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Will Goodfellow

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About Will Goodfellow

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  1. I should add that they cannot force entry with a warrant of control for an order for recovery, which this warrant is. Where bailiffs are enforcing a warrant of control for a magistrates court fine they can seek permission from the court to force entry but that is rare.
  2. The bailiffs cannot visit unless you have received a notice of enforcement given you 7 clear days notice first. They can only charge a fee to visit you once so it's not in their interest to keep visiting. It might take time to get a response from your councillor/MP so be aware for now. If they visit lock your doors, it doesn't matter if you are locked outside with your kids, they won't hang around long if they can't see a car and you know they can't force entry. Take the kids to the park or somewhere for half an hour if they turn up (not in you car ).
  3. Bailiffs can't force entry with a warrant of control, dx100uk, it's not even rare, it can't happen where there is no controlled goods agreement that has been breached.
  4. It sounds as if you have a penalty for "Using or keeping an untaxed vehicle without a SORN" as it was spotted on the street. You now have a chance to settle the out of court penalty otherwise it's a magistrates court fine. If that is not paid, your vehicle will be clamped. If you are certain that you were not on the street mentioned, you can contact the DVLA and argue your case or plead not guilty in court.
  5. Keep your doors locked and do not let the baiilffs in, they have no right to force entry but can enter if a door is unlocked. If you own a vehicle, park away from your property so they cannot find it. Eventually they will give up, the debt will be passed back to Harrow council and the enforcement fees will be removed from the debt. You can then set up a repayment plan with the council to pay it in instalments.
  6. Did you claim the 25% discount only? If so, you need to claim a council tax reduction too if you have no or low income.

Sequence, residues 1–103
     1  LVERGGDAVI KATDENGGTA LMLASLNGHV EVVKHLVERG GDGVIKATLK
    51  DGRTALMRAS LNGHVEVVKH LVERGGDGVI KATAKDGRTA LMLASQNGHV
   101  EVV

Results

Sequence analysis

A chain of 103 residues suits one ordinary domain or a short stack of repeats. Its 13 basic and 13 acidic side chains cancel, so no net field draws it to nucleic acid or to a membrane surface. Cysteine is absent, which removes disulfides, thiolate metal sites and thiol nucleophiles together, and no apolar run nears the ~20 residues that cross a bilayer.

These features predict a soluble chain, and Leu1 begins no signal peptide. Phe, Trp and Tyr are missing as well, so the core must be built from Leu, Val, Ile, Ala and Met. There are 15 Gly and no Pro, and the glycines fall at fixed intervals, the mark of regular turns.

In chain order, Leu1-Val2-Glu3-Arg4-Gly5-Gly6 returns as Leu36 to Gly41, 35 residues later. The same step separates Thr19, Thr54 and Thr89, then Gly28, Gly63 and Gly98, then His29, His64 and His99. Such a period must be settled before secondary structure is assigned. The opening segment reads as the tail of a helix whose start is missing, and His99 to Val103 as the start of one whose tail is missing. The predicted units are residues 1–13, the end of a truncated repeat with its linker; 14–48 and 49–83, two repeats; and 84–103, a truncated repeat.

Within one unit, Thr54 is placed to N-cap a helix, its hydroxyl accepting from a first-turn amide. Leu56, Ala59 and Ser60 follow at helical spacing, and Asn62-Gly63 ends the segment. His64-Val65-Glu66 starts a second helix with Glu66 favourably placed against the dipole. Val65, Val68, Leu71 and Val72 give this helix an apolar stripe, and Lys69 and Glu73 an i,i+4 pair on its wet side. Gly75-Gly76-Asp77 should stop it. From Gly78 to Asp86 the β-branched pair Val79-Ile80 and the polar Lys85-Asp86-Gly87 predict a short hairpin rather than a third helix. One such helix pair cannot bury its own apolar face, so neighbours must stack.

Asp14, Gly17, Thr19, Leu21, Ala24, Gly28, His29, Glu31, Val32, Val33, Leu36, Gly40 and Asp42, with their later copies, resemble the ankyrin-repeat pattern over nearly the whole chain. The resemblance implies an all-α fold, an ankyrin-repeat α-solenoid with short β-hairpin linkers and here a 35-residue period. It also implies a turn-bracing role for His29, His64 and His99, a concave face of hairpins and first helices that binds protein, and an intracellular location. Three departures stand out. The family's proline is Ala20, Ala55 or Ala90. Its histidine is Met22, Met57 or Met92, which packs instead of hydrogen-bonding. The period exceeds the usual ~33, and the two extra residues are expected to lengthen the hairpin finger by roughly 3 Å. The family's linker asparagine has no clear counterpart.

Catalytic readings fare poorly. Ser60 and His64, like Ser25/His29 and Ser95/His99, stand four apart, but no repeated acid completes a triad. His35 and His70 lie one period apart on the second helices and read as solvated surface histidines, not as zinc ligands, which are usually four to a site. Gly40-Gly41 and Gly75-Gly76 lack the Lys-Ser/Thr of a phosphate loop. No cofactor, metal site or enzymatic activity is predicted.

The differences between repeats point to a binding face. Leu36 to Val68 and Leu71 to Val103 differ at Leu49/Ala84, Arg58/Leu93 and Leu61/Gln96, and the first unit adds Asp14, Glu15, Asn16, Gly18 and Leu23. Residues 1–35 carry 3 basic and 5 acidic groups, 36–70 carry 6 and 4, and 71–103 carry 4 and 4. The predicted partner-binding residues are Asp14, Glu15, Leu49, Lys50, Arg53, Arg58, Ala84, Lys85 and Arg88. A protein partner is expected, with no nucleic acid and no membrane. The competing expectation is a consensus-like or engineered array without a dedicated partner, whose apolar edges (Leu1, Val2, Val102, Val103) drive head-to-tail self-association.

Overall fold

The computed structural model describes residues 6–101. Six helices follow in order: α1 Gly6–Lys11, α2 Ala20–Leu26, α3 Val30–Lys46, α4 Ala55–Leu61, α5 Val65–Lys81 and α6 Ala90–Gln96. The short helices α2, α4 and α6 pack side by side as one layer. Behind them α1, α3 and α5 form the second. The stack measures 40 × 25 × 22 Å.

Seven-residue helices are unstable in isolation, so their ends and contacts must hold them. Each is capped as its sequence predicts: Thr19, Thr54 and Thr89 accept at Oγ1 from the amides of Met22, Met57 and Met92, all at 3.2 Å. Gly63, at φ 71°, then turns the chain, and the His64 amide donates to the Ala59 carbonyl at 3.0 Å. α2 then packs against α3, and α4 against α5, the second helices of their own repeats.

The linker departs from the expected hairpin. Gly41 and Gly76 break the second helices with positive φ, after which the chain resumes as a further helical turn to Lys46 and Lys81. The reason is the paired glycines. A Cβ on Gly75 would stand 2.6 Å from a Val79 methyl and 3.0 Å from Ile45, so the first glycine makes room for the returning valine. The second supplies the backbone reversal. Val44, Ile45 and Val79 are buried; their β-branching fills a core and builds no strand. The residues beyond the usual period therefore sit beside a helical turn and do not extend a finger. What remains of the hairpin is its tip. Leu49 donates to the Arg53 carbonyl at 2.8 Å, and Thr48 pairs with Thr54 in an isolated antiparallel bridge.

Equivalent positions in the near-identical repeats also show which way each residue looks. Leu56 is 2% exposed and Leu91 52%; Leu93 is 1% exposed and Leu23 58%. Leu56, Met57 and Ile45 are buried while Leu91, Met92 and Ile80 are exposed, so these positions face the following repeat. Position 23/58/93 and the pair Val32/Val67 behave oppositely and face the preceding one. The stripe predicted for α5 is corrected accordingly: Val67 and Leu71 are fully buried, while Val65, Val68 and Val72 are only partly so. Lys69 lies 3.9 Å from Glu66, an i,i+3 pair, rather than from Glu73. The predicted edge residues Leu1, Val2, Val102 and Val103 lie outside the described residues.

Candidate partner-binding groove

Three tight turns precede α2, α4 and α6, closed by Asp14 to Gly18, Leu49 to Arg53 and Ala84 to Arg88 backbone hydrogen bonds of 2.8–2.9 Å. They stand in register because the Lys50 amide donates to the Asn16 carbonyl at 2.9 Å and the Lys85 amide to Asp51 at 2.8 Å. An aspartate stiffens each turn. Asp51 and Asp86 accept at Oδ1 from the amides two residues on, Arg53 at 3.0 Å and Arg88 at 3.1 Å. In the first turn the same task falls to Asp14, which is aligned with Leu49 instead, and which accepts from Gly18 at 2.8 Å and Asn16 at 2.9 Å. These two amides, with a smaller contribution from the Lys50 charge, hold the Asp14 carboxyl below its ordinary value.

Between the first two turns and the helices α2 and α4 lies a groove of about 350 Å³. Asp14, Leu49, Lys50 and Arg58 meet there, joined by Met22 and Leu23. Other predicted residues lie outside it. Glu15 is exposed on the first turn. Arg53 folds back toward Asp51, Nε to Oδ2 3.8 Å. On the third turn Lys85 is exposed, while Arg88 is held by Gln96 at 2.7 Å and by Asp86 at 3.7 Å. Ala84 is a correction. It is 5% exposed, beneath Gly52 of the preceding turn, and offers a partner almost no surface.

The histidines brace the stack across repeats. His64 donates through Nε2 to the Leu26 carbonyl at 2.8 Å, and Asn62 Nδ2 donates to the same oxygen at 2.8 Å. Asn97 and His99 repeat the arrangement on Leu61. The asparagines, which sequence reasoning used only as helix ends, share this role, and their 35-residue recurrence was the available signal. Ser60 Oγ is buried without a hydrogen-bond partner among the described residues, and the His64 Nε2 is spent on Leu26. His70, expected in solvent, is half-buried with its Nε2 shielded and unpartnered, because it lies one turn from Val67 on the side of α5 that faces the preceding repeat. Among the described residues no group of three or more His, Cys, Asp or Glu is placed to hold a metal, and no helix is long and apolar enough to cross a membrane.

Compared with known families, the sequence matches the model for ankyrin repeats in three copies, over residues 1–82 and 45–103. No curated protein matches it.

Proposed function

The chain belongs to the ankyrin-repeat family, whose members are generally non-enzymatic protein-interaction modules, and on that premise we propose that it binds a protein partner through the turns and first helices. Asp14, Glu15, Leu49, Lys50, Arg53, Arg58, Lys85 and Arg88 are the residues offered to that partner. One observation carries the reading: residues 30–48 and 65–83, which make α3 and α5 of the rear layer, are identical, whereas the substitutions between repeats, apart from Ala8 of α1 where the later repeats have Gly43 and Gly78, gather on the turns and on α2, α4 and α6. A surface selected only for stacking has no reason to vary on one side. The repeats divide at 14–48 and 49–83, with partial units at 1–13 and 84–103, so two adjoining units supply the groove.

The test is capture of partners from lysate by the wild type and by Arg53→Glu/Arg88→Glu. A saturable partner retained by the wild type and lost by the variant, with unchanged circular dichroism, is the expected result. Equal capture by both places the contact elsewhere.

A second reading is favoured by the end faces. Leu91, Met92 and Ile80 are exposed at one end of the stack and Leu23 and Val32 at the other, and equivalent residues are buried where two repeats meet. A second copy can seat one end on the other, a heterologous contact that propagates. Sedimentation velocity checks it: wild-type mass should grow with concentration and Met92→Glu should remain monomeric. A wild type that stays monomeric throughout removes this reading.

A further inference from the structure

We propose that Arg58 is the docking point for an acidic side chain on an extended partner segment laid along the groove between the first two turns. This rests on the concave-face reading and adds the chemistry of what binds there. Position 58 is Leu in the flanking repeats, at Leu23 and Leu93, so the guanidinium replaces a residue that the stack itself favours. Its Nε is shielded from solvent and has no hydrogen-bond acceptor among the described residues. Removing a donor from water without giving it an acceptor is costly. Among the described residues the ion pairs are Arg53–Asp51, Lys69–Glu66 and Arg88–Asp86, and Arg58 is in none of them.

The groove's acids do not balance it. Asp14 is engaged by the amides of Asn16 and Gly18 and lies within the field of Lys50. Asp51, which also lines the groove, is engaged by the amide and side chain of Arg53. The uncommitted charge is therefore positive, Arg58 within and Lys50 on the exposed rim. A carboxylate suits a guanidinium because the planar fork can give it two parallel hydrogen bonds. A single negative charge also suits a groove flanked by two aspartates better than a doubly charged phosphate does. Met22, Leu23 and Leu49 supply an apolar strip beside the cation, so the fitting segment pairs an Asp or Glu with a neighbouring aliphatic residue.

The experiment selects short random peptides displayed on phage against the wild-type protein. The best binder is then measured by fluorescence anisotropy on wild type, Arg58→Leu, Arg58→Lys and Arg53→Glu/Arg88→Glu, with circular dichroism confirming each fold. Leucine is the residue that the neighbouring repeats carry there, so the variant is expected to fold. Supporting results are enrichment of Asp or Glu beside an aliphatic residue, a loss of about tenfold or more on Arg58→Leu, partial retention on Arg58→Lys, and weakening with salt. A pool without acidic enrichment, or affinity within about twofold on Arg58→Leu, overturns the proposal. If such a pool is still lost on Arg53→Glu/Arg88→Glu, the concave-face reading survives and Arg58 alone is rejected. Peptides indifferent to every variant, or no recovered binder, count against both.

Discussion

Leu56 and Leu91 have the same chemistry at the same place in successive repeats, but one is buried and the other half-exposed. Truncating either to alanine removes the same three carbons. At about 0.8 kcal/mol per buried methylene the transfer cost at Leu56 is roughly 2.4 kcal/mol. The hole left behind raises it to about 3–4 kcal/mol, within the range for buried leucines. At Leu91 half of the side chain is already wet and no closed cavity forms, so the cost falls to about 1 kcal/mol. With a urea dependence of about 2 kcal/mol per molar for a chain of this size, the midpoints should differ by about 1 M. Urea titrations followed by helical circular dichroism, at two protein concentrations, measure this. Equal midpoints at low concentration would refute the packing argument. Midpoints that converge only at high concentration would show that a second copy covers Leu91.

7. As you are married and have been living together, if you divorce, he is likely to have a beneficial interest in the property even though the house is in your name. You also have a beneficial interest. His beneficial interest is a proportion of the equity in the property and so is yours. That proportion is calculated by a number of factors. The deposit from the sale of your flat will be considered and other contributions to the household while you lived together. Your beneficial interests could be split 65:35 for example in your favour. He could decide that he doesn't want his beneficial interest and give it to you. You can make an amicable agreement together but to make that legally binding, you need a consent order. If he claims his beneficial interest and you want to keep the property, you would need to' buy him out' or pay him his beneficial interest. That can be agreed with a consent order too. If you cannot agree what your beneficial interests are, you would need to apply for a financial order where a judge would decide in family court. At this point, if you cannot pay any beneficial interest he is awarded, you may need to sell the property in order to release the equity. You then can buy another property with your equity if you want to. Either way, you would need to speak to a family solicitor and either agree to a consent order or apply for a financial order. You can carry on as you are but he could claim his beneficial interest at a later date. Although it will diminish in the long term and as the house is in your name, he may lose it altogether eventually.